County audit identifies duplicate payments, inadequate segregation of duties

A recent investigation by San Diego County, California's chief of audits revealed duplicate payments and a lack of checks and balances that could foster misappropriation, according to the San Diego Reader.

An accounts payable audit found that an invoice of nearly $8,000 was paid twice in January and March 2009 – once by a procurement card (P-card) and once by a county warrant.

"Adequate invoice review should be conducted to ensure that invoices paid by p-card are not released for payment via county warrant," investigators advised in the report, as quoted by the news source.

Auditors also highlighted inadequate distribution of tasks between workers as risk factors for embezzlement and misappropriation. They found that a single employee oversees surplus property, receives cash for the sale of the property, reconciles cash collections and deposits them into the bank.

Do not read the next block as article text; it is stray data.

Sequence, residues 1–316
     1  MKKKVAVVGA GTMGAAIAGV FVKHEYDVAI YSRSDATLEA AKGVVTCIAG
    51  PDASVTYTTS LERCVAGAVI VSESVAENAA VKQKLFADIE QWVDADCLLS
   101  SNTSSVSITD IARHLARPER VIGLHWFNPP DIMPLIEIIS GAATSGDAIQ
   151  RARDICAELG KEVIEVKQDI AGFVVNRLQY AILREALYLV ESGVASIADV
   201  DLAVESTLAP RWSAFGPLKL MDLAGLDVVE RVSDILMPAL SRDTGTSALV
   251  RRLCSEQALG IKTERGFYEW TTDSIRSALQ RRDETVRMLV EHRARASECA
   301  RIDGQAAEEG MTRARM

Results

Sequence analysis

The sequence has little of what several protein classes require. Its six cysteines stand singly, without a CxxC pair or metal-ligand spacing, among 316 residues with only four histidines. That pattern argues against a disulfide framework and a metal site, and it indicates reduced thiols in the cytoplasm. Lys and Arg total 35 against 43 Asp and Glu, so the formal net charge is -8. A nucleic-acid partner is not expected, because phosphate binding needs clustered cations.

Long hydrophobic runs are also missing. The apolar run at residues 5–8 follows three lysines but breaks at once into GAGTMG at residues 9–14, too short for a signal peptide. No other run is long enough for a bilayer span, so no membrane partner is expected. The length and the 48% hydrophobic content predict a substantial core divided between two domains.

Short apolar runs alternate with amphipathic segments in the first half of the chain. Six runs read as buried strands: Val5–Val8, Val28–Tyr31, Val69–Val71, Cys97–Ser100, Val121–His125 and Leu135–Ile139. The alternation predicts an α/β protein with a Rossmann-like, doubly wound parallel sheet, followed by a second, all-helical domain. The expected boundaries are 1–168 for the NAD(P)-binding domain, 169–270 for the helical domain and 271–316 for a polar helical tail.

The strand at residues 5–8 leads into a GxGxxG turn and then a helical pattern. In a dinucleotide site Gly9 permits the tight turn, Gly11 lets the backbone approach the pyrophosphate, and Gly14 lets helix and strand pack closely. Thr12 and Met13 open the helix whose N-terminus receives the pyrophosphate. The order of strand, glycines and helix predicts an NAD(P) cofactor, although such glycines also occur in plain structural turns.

"Lack of segregation of duties could allow errors or irregularities to go undetected. In addition, it increases the risk for misappropriation of assets," the report notes, as quoted by the media outlet.

In addition to dividing responsibilities between members of staff, carrying out regular AP audits is another way for organizations to mitigate their risk of misappropriation.

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